Last year my little Monkey and I were lucky enough to attend a Waldorf-inspired playgroup for little ones. It was a beautiful, nurturing space for both of us, and it was there that my little Monkey and I really started doing crafts together. Our playgroup leader, Serena Syn, had a wealth of activities that were suitable for little hands and still ended up looking beautiful. One such craft was this suncatcher, which I have adapted and share here with Ms. Syn’s permission.
What You’ll Need
Tissue paper (yellow and orange)
Construction paper (orange, yellow, or green)
Pattern for your pumpkin (I used a drawing from this website)
Duck tape (I used green)
*Note: I also tried using self-sealing laminating pouch instead, since I had some on hand, but the adhesive in these is so strong that they are much more difficult to work with than contact paper.
Making Your Pumpkin Suncatcher
- Tear your tissue paper into small rectangles. The shapes don’t have to be exact; in fact, it is better if they are not. You will only need about a quarter sheet of each color. This part can be fun to do with your toddler. Be sure to make some extra squares, since he will likely want to toss them up in the air as you work
- Trace your pattern on the construction paper and cut out the middle. You will be using the outline of the pumpkin as a frame for your suncatcher. Keep in mind that you will need approximately an inch around the edges of the pumpkin to allow for duck tape frame at the end.
- Cut out a piece of contact paper twice the size of your sheet of construction paper, allowing a bit extra for fudge room. This will give you a piece about 18″ x 12.” Fold the paper in half along the long side, so that it now matches your construction paper. The fold should be along the bottom of where the pumpkin frame will sit.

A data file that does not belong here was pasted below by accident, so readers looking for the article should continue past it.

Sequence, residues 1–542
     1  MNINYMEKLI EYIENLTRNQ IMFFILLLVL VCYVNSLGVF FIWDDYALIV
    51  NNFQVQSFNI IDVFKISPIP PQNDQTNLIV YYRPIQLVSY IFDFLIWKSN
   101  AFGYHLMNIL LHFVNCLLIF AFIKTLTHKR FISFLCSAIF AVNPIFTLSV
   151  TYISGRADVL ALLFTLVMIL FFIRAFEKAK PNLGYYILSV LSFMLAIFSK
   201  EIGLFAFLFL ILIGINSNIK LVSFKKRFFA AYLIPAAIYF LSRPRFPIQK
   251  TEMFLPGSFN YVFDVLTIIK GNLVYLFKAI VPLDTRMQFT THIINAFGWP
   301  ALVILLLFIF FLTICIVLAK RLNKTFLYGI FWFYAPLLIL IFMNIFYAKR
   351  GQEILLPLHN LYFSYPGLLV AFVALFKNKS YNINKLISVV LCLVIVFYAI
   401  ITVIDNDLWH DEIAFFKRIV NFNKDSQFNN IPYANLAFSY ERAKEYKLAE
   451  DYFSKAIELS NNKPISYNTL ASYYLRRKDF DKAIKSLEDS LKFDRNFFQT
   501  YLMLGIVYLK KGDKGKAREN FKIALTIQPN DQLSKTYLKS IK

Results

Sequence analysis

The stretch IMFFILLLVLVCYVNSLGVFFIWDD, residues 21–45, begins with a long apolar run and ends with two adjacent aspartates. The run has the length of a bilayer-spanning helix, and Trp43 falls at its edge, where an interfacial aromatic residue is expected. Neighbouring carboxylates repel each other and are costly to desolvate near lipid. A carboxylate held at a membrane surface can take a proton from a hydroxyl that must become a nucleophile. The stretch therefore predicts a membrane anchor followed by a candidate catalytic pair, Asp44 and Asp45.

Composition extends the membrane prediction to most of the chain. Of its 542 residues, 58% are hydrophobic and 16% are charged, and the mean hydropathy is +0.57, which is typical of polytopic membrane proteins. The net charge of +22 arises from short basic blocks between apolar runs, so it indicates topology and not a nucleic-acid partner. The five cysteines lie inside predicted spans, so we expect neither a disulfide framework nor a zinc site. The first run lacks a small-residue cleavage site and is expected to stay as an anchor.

- Very carefully take your scissors and make a light cut along the fold of the contact paper, taking care to cut through only the wrapper.
- Peel away the wrapper on just one side of the contact paper. You can either place the pumpkin frame inside now or wait until after Step 6, depending on how you would like the back of the suncatcher to look. Placing the frame now will make sure the pumpkin is visible on both sides, while waiting will give the back a very different look of just the tissue paper squares. If you choose to do this, you will need about twice the amount of tissue paper.
- Along with your toddler assistant, arrange the tissue paper squares inside the frame. Again, there is no need to have the squares perfectly laid out in the frame. Allow your little one plenty of space to put the squares in as he would like. Having extra overlaps and even some small blank spots will just add to the character of the suncatcher. If you did not place the pumpkin frame inside in Step 5, add it now on top of the tissue paper.
- When you are both satisfied with the result, peel away the wrapper from the other side of the contact paper and carefully fold it on top of your creation. Trim the edges, if necessary.
- Use your duck tape to make a frame around the suncatcher by peeling off four pieces of the tape and folding each over one edge of the suncatcher. Trim the edges.
- Place your suncatcher in a window and enjoy!
One of the great things about this craft is that it is so adaptable. Here are some variations you can try:
- Using a single hole punch to make a hole in the top of the suncatcher (through the duck tape frame). Use ribbon or yarn to hang the suncatcher in a window.
- Make a turkey or autumn leaf frame instead, using brown or red construction paper and adding red tissue paper to your squares.
- Instead of making a pumpkin frame, make several small pumpkin shapes out of construction paper, and add the tissue paper squares around them.
This post has been shared at Milk and Cuddles’ Mommy Club, True Aim’s Mom’s Library, One Creative Mommy’s One Creative Weekend, Living Life Intentionally’s TGIF Linky Party, Bowdabra’s Saturday Showcase, My Life’s a Treasure’s Our Favorite Things, and Sweet Tea Classroom’s Great Pumpkin Classroom Projects.